What do expats in Moscow actually want?
Whilst the first six months of the year have seen a considerable exodus of expats from Moscow, there are still a lot of us here and maybe now is an even more important time to band together and see how we can all gain from the wealth of experience of living and working in Moscow.
This was an emotion also shared from one of our Spiritual leaders, Rev. Clive Fairclough from St. Andrewâs Church and during a discussion in early 2015 it was decided to make a combined survey of the expats living and working in Moscow. The results make interesting reading!
Whilst there were only 150 respondents to this first âWhat Moscow expats wantâ survey, the replies reflect a full cross section of our community, have provided considerable food for thought and have indicated the vast variations in the needs and requirements of the expat community! Slightly more men replied with the gents winning at 52% of the total and 86% indicated that they were âan expat living in Moscowâ.
54% are married, 14% in a relationship and 32% single
For employment, the following figures were revealed:
10% in Moscow as a dependant
13% Self Employed
4% Currently unemployed
Age of the respondents:-
How long have you lived in Russia?
0-3 years 42%
4-6 years 24%
7-10 years 9%
10+ years 25%When asked âHow well do you speak Russianâ the results where quiet evenly spread in the 3 categories:
The most popular Business and Social Clubs had a clear winner with the International Womenâs club at 21%. Other leading performers included the British Business Club at 15%, British Womenâs Club at 13%, the Moscow International Choir 11%, Russo-British Chamber of Commerce 11%.
When asked âWhat magazine and media do you use to learn about events in Moscowâ, the results were quite clear
Moscow Times 77%
Moscow expat Life 55%
Moscow In Your Pocket 21%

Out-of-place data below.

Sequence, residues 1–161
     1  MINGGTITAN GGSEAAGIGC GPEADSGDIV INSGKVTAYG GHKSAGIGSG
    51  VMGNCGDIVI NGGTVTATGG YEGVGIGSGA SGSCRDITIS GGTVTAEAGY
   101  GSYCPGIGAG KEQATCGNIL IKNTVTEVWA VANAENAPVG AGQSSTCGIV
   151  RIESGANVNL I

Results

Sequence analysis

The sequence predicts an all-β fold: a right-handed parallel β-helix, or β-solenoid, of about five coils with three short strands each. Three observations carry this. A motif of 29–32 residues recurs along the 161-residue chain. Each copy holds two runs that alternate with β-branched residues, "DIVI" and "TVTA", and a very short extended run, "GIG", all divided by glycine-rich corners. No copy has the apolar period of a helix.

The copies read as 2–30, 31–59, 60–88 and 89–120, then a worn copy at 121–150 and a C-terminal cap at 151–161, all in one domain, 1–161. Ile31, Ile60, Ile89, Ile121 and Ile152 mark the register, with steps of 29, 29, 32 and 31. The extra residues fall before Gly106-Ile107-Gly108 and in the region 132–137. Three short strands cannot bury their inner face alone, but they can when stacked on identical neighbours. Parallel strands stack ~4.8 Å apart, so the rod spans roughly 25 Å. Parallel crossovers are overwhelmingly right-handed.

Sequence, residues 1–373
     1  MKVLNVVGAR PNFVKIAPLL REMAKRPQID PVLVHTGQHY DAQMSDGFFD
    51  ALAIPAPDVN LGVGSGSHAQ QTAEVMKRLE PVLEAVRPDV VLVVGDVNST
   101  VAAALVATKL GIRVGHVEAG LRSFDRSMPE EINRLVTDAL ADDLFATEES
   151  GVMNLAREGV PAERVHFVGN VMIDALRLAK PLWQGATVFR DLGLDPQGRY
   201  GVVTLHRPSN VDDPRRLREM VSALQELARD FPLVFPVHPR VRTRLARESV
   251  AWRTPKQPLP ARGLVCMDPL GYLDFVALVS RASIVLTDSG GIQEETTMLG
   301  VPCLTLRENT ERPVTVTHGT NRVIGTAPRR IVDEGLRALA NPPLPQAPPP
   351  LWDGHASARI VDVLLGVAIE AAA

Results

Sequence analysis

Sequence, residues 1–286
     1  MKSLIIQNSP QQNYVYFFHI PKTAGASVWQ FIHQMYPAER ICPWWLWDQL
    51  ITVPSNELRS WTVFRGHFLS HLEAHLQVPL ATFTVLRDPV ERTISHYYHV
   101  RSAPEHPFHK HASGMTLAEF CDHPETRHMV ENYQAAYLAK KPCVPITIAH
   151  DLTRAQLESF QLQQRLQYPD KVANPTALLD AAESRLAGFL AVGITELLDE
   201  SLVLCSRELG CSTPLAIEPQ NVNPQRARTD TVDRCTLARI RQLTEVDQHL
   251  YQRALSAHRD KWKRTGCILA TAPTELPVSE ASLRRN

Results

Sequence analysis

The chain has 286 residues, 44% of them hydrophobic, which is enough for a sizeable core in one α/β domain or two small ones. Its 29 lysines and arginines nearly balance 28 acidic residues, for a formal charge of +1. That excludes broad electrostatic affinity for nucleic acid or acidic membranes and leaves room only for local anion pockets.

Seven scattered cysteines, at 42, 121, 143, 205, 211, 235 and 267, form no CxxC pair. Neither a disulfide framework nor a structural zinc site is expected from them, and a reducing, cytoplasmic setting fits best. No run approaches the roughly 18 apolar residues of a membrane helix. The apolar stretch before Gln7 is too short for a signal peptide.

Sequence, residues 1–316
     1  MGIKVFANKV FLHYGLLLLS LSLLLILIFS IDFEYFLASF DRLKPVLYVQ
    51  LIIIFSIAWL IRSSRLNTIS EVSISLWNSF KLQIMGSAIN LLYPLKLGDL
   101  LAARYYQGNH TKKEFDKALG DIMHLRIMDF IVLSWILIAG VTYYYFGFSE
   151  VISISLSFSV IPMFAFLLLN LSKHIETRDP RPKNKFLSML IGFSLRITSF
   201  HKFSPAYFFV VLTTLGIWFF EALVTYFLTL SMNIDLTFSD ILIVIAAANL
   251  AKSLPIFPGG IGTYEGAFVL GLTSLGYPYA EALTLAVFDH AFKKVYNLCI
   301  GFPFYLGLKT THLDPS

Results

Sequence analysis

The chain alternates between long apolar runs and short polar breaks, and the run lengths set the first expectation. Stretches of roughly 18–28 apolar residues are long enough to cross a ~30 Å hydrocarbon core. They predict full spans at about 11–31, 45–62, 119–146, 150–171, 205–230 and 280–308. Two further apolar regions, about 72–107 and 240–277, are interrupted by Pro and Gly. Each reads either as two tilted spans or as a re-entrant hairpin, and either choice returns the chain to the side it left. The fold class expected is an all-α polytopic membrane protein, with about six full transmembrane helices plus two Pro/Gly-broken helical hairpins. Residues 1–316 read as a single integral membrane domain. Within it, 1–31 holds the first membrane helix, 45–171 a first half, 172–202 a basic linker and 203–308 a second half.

Do you think that Moscow needs more events for expats? A clear 61% voted yes while 39% feel that there are enough! Those voting yes were asked what type of event would you attend:
Community building 14%
Amongst the âotherâ replies where the following suggestions: inter-cultural awareness, music, more evening events for professional people, educational and business.
The Moscow expat community is a champion at assisting at community and charities with 44% indicating that they are actively involved!
When asked about the kind of charity/community that they volunteer for:
Church related 45%
International Charity 19%
Russian charity 19%
Your own community 14%
Those answering âNoâ to currently being involved in charities/communities were
asked what they would like to become involved in:
Children & young people 43%
Your community 27%
Social justice 23%
The aged 7%
On their religion 95% indicated Christian, 4% Jewish and 1% Mormon. It is also interesting to note that 40% indicate that they visit church each week further indicating that the churches and their communities in Moscow provide a valuable service to the expats living and working in Moscow.
To the best of our knowledge this was the first such survey conducted in Moscow and will become an annual tradition to further reflect the needs and requirements of our community despite high turnovers.
St. Andrews Centre
St Andrewâs Centre offers a Christian community primarily to English speaking expats. The aim of the survey was to discover how our church can contribute to quality of life of expats in Moscow. We believe that building relationships is the key to success particularly in an environment away from home. St Andrewâs is a community, which offers both a spiritual home and a place to meet new friends.
One of the main elements of St Andrewâs churchâs strategy is to promote fellowship by connecting people with events, helping them to find groups in which to belong. The survey has helped inform us what expats want. It will help us develop a more effective way of communicating who we are, what we do and how we can help expats in Moscow. The survey shows, very convincingly, that better communications for expats to meet each other is important. It has also highlighted that expats believe that volunteering is part of life in Moscow.
The survey indicated a desire for expats to explore their spiritual side. The church needs to respond to this by exploring options by forming small home groups and offer interactive ways of engaging with the gospel story. The church recognises that, on our individual life journeys, there are moments which we encounter that spiritual element of what it is to be human. We wish to help individuals to develop their spiritual side.